Threat Management, Threat Management, Threat Intelligence, Malware

SMASHINGCOCONUT malware looks a lot like malware used by North Korea in Sony attack


A newly identified malware, SMASHINGCOCONUT, bears a striking resemblance to malware used by North Korea in a November 2014 cyberattack on Sony, the Department of Homeland Security (DHS) said in an intelligence note.

DHS described the malware as a “32-bit Microsoft Windows-based wiper malware capable of rendering a Windows-based system inoperable if run using administrator privileges,” according to Foreign Policy, which obtained a copy of the note.

After the malware installs, a cyber actor must insert a command line argument to execute it and from there the malware deletes all files as well as writes over the master boot data record, replacing it with hard-coded data. Additionally, it turns its venom on the bootable and non-bootable partitions on the hard drive, deleting them all. Users' ability to spot the malicious and mitigate malicious activity is greatly compromised because the malware halts critical Windows services designed to alert them and prevents “log creation for transmission control protocol/Internet Protocol (TCP/IP) network activity, user logon and power-related system events,” DHS said.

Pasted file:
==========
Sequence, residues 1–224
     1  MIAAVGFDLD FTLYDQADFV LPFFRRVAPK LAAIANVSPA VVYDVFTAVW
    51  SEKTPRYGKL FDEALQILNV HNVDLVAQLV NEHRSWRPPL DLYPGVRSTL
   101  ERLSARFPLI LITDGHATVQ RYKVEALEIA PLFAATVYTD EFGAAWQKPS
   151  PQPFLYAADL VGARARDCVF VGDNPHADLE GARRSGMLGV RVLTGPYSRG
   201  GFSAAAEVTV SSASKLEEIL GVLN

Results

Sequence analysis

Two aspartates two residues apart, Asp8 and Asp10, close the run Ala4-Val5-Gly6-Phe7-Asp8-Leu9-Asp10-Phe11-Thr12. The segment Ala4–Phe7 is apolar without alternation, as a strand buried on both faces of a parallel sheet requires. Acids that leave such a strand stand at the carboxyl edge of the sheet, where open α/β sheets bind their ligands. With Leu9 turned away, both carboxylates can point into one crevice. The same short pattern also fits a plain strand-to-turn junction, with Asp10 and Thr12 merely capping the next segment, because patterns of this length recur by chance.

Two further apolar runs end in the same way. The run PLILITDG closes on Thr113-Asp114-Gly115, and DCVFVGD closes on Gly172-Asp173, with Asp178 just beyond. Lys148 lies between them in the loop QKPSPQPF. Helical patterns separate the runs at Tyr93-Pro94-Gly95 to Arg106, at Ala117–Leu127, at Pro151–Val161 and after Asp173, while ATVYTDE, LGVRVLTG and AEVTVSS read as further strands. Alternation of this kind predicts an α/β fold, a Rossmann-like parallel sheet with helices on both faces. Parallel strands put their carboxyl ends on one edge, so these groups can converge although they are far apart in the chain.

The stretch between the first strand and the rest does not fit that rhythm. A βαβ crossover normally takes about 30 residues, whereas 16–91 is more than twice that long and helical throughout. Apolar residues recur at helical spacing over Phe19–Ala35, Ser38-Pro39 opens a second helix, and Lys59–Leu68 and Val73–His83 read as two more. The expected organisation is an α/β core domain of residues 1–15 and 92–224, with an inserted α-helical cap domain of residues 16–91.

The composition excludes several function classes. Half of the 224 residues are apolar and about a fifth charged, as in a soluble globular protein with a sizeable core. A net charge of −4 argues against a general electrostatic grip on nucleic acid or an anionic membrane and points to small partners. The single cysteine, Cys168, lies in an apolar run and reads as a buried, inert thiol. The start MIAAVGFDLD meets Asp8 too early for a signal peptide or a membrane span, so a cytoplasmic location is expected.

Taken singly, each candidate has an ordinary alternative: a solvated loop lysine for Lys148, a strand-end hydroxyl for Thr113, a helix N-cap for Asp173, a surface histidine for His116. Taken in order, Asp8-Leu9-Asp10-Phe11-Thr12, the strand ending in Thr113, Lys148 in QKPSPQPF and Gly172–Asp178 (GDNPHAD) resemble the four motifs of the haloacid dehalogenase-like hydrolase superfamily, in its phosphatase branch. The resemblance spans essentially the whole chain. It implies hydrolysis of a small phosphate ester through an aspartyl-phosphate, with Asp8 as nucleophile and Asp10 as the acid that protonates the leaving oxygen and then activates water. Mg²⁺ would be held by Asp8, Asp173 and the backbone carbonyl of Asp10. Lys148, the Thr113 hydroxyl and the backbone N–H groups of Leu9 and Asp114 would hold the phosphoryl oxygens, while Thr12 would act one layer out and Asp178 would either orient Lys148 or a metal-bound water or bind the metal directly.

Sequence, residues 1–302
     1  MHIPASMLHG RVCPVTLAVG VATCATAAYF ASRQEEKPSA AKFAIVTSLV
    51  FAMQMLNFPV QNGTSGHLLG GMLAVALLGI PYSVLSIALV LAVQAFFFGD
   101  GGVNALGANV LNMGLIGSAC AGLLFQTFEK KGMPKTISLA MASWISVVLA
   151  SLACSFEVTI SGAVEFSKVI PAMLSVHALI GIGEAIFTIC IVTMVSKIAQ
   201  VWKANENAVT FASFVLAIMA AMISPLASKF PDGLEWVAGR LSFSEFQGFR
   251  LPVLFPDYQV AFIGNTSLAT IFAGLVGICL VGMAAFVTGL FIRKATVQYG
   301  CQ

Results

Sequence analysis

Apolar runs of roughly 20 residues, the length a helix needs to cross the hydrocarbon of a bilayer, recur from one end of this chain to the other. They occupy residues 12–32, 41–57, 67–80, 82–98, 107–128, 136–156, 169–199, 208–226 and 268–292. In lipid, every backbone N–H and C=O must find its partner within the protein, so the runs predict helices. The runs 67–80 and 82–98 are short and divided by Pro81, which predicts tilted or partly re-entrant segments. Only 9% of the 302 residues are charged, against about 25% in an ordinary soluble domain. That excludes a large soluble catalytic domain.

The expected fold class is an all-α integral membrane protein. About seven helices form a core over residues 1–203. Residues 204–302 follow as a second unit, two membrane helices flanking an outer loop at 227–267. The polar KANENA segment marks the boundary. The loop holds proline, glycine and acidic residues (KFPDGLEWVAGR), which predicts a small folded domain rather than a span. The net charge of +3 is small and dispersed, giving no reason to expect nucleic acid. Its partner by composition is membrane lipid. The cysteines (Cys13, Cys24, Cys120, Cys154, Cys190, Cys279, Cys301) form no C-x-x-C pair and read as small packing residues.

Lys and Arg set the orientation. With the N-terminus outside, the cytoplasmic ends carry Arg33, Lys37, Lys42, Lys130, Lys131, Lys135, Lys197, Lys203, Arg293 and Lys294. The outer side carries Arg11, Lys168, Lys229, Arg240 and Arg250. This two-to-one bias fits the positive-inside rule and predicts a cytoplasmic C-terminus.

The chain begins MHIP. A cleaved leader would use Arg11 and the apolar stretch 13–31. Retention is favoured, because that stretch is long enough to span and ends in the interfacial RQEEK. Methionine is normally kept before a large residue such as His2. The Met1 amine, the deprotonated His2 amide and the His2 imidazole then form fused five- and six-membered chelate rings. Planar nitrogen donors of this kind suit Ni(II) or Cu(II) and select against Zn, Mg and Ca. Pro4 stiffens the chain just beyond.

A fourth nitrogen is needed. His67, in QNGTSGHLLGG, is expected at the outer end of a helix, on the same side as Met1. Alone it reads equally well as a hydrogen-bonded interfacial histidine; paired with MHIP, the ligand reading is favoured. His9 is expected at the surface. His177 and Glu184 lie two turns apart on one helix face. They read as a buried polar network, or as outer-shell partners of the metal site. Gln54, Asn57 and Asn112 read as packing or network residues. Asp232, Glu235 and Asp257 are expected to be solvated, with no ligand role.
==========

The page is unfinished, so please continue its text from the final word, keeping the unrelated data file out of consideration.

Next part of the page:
But “if the malware executes under non-administrative privileges, its ability to modify system files, folders and physical drives is eliminated,” the note said, explaining that it will affect only the victim according to that user's privileges.

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